Kennedy Space Center is one of the coolest places in the entire state of Florida. Use this quick guide to make the most of your one or two day trip to Kennedy Space Center…
When I was a young kid, one of the most memorable places we visited on a family vacations to Florida was Kennedy Space Center. Then I grew up and never came anywhere near the Space Coast for the next 20 years, but this summer, I finally made my triumphant return to Kennedy Space Center. With all the changes and additions since visiting few decades ago, Kennedy Space Center is even more memorable as an adult NASA nerd…
Visiting Kennedy Space Center is fairly self-explanatory, but we do want to give folks a little guide to make the most of their trip to this remarkable place.
First, how much time should you allot to visit Kennedy Space Center?
A trip to Kennedy Space Center is EASILY a full-day affair. If you’re a real space geek, you might even consider giving it a day and a half to two full days. (Special events such as launches could also dramatically impact how much time you should allot, so keep that in mind.)
Ok, now for what you have to see and do while you’re there…
The Kennedy Space Center Must-Sees and Must-Dos:
Kennedy Space Center is divided into “Mission Zones” to help keep you from missing any of the amazing exhibits and experiences, but, the first things you can’t miss are before you even walk through the main gate…
You’ll want to get plenty of photos right off-the-bat with the giant NASA insignia, the John F. Kennedy Fountain, and the old countdown clock.
Once inside, you’re free to experience each “Mission Zone” at your leisure, but, in our humble opinion, you should start with either Behind the Gates (and Race to the Moon) or Shuttle: a Ship like no Other. Since “Behind the Gates” is a bus tour that connects you with the Race to the Moon, it’s a popular attraction, and if you can beat the crowds you’ll spend less time waiting in line for the next available bus. The Space Shuttle exhibit is also an “experience” with paced admission, so getting inside to see the shuttle before the crowds will also help you have more time (and better pictures!)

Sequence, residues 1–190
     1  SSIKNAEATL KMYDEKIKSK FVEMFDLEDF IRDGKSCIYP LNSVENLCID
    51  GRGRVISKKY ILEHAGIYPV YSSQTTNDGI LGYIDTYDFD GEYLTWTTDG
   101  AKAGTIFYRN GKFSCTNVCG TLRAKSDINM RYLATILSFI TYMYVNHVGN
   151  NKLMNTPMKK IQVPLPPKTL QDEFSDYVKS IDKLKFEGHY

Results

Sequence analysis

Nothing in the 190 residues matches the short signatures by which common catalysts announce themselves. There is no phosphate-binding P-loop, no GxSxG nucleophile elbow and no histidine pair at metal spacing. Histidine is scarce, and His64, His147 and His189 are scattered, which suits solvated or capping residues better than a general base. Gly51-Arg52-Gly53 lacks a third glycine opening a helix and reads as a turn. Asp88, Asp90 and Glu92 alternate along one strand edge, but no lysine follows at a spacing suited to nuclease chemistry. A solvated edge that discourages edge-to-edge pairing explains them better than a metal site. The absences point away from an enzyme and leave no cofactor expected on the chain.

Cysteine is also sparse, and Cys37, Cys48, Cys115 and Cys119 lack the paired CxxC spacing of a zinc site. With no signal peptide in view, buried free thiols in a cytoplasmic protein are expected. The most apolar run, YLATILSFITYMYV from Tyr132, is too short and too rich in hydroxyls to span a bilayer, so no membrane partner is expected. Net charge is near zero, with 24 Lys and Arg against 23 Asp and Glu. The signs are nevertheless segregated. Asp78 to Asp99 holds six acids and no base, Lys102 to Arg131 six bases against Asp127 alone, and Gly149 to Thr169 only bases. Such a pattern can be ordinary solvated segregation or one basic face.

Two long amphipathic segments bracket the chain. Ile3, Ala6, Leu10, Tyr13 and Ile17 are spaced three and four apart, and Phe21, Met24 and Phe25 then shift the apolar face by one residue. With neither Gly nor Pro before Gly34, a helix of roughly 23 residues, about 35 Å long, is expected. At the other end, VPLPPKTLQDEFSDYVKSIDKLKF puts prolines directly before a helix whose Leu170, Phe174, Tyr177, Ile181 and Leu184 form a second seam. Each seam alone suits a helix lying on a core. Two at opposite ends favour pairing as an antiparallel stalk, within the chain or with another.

Now, here’s a little of what to expect at each “Mission Zone”
Heroes and Legends
For most, the highlight of the Heroes and Legends mission zone is the “Rocket Garden.” Here you’ll find a collection of rockets, most from the Mercury and Gemini eras of NASA. While you’re free to walk the garden at your own pace, we HIGHLY recommend checking the schedule for their brief guided tours. These passionate NASA guides bring the Rocket Garden to life in a way you wouldn’t experience on a self-guided walk.
After spending some time in the garden, be sure to stroll through the Astronaut Hall of Fame.
Behind the Gates/Race to the Moon
When I first visited Kennedy Space Center as a child, the giant Saturn V rocket was just an outdoor display. These days, its the centerpiece of the “Race to the Moon” mission zone, one of the highlights of a visit to Kennedy.
But to get to the Race to the Moon, you have to hop on a bus. Well, we shouldn’t say “have to.” It’s actually a pretty great tour of the property which is full of wildlife and historic spots like the massive Vehicle Assembly Building.
Once at the “Race to the Moon” zone, you’re in for a real treat, from viewing the giant Saturn V to experiencing a simulated launch to browsing countless artifacts from the Apollo missions, it’s definitely one of the most memorable parts of visiting Kennedy.
Keep in mind, you’ll need to take the bus to get back, so timing it so the lines aren’t huge will again help you.
Shuttle: A Ship Like No Other
There are very few places to see a space shuttle. This is one of them. After a pretty stellar video presentation, you’ll come face-to-face with Atlantis. If you have kids, they’ll love the play “tubes” they can explore and use to get up and down through the building and the room of hands-on simulators (heck, you’ll enjoy it too.)
For adults, the “Forever Remembered,” memorial to those lost on the space shuttle missions STS-51L Challenger and STS-107 Columbia is particularly moving with shadowboxes honoring each astronaut as well as rare pieces recovered from both shuttles.
Also well-worth waiting in line for is the space shuttle launch simulator. To be honest, we had very low expectations for this little ride, but we thought, “why not?” The simulator completely exceeded our expectations and was a nice little free addition to our experience.
NASA: Now and Next
While there are a few fun little things to see here, the real draw is the IMAX theater. Take a break and enjoy one of 2 different movies offered daily with your general admission ticket.
Kennedy Space Center Add-ons and upgrades:
Of course, there are plenty of “extras” you can tack on to your general admission ticket. For the hardcore NASA nerds, an upgraded bus tour can take you to places like launch control or up-close to different launch pads and the Vehicle Assembly Building. If you plan on purchasing any of these upgrades, we’d highly suggest extending your time at Kennedy to 2 days.
Our favorite add-on, however, is “Lunch with an Astronaut.” For just under $30 ($16 for kids), you get a pretty decent lunch buffet and a chance to hear from a real-life astronaut about their time in space.
For us, it was worthy every penny. First of all, you’re going to end up eating lunch at KSC during your time there anyway so why not spend a few extra dollars on your lunch and walk away with a lifelong memory?
So whether you just have a passing interest in space exploration or are a complete NASA guru, there’s a Kennedy Space Center experience that’ll suit you. Spend a day or two at one of America’s most important places, and you will not be disappointed.